A friend asked me recently why I kept calling out scientists on their public comments. They’re scientists, my friend said, they’re on your side, so stop being so nitpicky and mean!
Am I being mean?
I certainly don’t intend to be mean, so perhaps it is worth a few lines to reiterate the point of these “Say What?” posts. Promoting a wider and deeper understanding of how science works is the only way we can hope to turn the tides of science denial and science illiteracy in our society. I’m not suggesting that everyone needs to know the difference between a synapomorphy and a plesiomorphy—but I am suggesting that if we want fewer people to reject evolution on the grounds that we aren’t chimpanzees, it’d help if they understood the basics.
Classroom educators, certainly, bear much of the responsibility for getting the rudiments of science into our brains. However, since most people aren’t scientists and most people leave formal education somewhere between the ages of eighteen and thirty, classroom teachers cannot be the only ones shoring up our understanding of science.
Where else does the public learn about science, then? In informal education settings (such as museums) and in the media. So informal educators, journalists, media personalities, and yes, professional scientists must also be held accountable for clearly and accurately communicating science. When it comes to evolution, the public is particularly vulnerable because most students (yep, most) don’t learn it properly during their formal education, or—worse—are taught that biological evolution is wrong or just one theory among many. So poor public communication of evolution really upsets me, and so yes, I complain about it a lot—but now at least you understand (I hope) that I do so with good reason.
Consider this latest example. In a recent edition of Science News (subscription required, but you can see the problem in the preview), Stanford University geologist Donald Lowe was interviewed about his new study about the effects of ancient asteroid impacts on the evolution of early life. He was quoted as saying the following (emphasis added):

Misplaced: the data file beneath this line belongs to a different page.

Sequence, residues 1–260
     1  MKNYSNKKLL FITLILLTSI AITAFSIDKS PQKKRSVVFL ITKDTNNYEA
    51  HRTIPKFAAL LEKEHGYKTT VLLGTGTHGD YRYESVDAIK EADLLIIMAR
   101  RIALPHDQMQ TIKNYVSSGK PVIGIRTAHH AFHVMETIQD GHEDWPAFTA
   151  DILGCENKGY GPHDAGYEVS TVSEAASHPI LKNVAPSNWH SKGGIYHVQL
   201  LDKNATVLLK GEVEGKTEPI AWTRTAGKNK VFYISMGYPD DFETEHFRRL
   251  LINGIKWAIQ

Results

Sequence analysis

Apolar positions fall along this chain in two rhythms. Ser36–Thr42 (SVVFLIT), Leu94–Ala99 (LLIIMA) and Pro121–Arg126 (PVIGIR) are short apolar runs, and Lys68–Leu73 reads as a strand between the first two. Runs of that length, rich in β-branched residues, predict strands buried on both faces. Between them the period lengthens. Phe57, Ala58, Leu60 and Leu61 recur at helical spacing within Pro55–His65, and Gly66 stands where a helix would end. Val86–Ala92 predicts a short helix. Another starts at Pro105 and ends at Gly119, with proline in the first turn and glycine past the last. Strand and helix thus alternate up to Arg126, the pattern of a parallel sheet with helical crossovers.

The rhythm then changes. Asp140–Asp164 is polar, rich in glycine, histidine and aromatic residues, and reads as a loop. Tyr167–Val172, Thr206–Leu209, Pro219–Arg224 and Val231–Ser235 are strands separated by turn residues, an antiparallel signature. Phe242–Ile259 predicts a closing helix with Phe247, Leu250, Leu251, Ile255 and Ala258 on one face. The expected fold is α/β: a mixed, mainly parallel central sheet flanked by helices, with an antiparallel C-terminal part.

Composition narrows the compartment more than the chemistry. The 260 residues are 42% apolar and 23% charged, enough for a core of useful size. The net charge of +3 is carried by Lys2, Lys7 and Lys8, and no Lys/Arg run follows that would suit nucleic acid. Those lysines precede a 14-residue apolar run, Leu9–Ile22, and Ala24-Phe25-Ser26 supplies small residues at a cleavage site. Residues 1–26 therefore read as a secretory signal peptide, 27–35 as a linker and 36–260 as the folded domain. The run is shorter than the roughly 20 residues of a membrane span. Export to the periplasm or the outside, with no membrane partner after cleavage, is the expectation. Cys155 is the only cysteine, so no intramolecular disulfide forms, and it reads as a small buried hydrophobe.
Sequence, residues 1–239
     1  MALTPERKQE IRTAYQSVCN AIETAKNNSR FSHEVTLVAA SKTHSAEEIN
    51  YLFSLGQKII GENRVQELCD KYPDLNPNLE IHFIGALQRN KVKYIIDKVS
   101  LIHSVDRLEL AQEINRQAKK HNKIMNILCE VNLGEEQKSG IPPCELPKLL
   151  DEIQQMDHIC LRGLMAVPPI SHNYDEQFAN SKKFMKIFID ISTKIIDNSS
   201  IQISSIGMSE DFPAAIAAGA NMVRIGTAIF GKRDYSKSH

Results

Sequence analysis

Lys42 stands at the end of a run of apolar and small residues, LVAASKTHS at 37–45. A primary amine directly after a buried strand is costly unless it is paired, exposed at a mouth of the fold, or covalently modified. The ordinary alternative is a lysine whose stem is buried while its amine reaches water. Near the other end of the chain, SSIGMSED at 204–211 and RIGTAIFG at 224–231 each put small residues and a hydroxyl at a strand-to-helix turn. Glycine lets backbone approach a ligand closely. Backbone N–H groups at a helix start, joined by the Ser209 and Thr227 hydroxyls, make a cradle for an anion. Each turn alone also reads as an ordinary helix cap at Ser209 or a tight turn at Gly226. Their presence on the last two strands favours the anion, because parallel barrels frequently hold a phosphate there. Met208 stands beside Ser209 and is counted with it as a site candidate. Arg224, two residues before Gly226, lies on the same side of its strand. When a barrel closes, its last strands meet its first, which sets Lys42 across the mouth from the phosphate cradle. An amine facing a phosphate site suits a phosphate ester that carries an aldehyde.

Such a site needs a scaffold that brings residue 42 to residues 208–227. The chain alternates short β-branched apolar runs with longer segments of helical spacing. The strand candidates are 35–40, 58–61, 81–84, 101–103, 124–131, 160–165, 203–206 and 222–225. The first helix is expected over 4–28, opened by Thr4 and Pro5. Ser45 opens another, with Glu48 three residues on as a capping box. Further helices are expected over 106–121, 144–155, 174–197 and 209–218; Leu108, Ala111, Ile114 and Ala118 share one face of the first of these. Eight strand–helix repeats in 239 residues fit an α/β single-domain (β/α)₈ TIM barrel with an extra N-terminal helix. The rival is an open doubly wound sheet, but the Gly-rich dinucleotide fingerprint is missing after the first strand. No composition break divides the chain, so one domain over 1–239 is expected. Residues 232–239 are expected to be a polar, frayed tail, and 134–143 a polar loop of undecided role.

“These impacts would have a profound influence on any life trying to evolve into more complex, low-temperature organisms…they’d keep getting whacked by these giant impactors and driven to extinction or near extinction.”
So a person reading this article—even just the first few paragraphs of the article—would get the impression that organisms try to evolve. That is a big problem. This idea, that evolution is somehow a self-directed march toward complex perfection, is a fundamental misunderstanding. It’s not only wrong, it’s dangerous, because it has potential to feed into a common creationist argument that scientists believe in evolution because they don’t believe in God. With no Creator to explain how humans came to be, the argument goes, scientists had to invent evolution, whereby simple organisms turned themselves into more complicated organisms, and eventually, into humans. On this reasoning, evolution is no longer an elegant explanation for the diversity and complexity of life, but a series of “just-so” stories to explain impossibly unlikely outcomes. How could a fish try to evolve into a reptile, one might ask? Poor, silly, atheistic scientists—they don’t realize how ludicrous they sound.